Autonomous motivation vs. controlled motivation
Not only is the kind of habit significant as it relates to how quickly it can be adopted, but the type of motivation that is driving the habit is important as well.
Researchers have identified two different types of motivation that influence our taking on new behaviors: autonomous motivation and controlled motivation.
Take exercising as an example.
Someone who inherently understands the benefit of being active and personally enjoys it has the autonomous motivation to exercise. They do not need to be convinced to adopt this new habit.
On the other hand, someone who has just been cautioned by their doctor to exercise to improve their health might only exercise out of obligation, or by controlled motivation, and not because they genuinely appreciate the value of it.
Not surprisingly, research shows that autonomous motivation is the more effective and influential of the two. Those who begin a new habit autonomously already recognize the value of the work they are putting in, and are way more likely to stick with it in the long run.
The habit loop: how new habits are reinforced
There’s a reason the phrase “old habits die hard” holds so much weight. It turns out that there is a neurological explanation for why we get so caught up in unhealthy habits we cannot seem to break.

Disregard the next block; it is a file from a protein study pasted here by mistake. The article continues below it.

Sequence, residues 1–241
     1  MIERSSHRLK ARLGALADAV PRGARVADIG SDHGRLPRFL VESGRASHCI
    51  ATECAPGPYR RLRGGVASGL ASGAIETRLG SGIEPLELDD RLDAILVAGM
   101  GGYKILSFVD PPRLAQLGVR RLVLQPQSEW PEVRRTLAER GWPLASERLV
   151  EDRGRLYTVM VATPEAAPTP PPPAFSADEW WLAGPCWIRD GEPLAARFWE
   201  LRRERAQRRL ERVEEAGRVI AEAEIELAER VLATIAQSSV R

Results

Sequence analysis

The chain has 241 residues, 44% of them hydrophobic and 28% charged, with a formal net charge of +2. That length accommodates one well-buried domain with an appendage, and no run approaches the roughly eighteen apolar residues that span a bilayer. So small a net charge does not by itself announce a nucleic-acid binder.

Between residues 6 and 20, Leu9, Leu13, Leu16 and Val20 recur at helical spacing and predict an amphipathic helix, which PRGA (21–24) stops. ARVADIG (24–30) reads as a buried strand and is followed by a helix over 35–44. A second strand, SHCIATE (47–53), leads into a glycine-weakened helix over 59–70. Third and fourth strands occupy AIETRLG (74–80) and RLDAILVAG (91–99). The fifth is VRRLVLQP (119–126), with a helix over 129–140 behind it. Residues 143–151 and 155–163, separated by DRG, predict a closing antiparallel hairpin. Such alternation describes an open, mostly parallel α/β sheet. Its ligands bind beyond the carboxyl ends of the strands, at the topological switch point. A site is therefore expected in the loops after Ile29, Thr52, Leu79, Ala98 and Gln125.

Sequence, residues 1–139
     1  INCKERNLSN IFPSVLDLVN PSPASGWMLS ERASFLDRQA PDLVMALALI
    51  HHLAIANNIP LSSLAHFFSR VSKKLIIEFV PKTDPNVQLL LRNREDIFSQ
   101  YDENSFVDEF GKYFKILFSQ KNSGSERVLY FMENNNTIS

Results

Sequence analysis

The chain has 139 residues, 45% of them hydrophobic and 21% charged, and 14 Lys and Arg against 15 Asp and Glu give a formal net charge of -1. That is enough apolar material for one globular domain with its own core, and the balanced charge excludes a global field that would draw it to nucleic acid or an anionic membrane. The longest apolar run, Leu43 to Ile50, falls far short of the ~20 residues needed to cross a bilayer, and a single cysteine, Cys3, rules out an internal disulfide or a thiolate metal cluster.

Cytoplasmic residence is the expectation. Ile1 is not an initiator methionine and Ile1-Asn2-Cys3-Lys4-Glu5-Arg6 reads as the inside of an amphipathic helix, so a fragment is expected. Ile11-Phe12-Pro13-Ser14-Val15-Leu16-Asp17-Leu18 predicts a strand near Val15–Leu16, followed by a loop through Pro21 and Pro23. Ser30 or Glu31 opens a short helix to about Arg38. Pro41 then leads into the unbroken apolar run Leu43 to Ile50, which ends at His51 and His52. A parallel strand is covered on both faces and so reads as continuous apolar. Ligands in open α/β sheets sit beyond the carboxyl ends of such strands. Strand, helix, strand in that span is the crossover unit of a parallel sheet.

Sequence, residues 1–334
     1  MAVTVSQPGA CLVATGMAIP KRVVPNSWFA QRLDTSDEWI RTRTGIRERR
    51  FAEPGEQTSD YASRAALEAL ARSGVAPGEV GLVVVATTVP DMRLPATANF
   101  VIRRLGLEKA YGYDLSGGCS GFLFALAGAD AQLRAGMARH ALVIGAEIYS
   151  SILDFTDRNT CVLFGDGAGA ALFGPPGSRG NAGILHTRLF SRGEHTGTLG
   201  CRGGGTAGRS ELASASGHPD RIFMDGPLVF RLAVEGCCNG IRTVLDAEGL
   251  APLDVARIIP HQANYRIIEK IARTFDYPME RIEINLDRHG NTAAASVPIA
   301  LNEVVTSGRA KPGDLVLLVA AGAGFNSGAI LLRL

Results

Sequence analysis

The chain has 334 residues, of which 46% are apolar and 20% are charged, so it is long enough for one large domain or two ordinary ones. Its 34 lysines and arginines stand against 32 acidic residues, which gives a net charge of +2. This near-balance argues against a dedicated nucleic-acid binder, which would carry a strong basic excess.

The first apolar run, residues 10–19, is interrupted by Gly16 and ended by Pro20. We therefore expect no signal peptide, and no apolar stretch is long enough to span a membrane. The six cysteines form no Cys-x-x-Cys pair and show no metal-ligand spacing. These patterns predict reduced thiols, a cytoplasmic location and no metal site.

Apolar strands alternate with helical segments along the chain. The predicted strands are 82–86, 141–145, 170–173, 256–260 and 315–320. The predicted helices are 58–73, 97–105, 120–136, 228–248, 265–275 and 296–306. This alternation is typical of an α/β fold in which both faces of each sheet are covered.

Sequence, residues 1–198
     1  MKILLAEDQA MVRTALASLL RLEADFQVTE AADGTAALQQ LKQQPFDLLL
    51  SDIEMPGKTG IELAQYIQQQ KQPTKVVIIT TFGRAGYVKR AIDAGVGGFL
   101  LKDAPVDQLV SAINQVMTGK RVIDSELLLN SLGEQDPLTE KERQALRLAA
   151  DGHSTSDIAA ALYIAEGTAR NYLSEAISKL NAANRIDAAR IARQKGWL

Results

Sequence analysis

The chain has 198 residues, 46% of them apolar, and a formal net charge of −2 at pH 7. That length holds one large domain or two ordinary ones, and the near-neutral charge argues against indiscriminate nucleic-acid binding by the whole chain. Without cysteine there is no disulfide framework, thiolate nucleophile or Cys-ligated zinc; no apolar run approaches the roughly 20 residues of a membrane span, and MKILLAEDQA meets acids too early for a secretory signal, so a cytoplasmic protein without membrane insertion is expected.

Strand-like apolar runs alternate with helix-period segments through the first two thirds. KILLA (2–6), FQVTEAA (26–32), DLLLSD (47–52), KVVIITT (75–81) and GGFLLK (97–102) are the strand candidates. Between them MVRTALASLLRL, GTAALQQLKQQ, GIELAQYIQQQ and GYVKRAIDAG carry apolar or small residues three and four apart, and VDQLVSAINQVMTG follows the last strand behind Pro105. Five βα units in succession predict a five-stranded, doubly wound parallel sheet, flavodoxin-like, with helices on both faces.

Researchers at MIT have discovered that at the heart of every habit, a simple and predictable loop exists, a loop that consists of a cue, a routine, and a reward.
For example, let’s say around 3PM during the afternoon slump of the workday, you start to crave a sweet snack. You get out of your chair, walk over to the vending machine, and purchase a large bag of cookies to eat. Only, this purchase is not isolated to one day. It is a habit you have established every workday for the past year - and your waistline most definitely shows it.
Here, the cue is the time of day (3PM afternoon slump), the routine is buying a bag of cookies, and the reward is a jolt of energy as a pick-me-up when you start to feel sluggish.
Want to ditch your own bad habit or two?
Start by identifying the elements of your loops. Once you can recognize the cues, routines, and rewards that are at play, you can look for ways to replace old unwanted behaviors with more productive ones.
The key takeaway
Our daily habits are primary factors that determine how well we live now and as we age, and the ways in which we form those habits determines our actual ability to change our behavior. “Conventional wisdom” has many of us believing that it takes 21 days to form a new habit. But, as it turns out, evidence shows that it can take much longer for a new behavior to stick. If you are trying to adopt a healthier habit and are finding it taking longer than you expected, do not get discouraged. The most important thing is to keep at it until it finally becomes an automatic part of your routine, whenever that may be.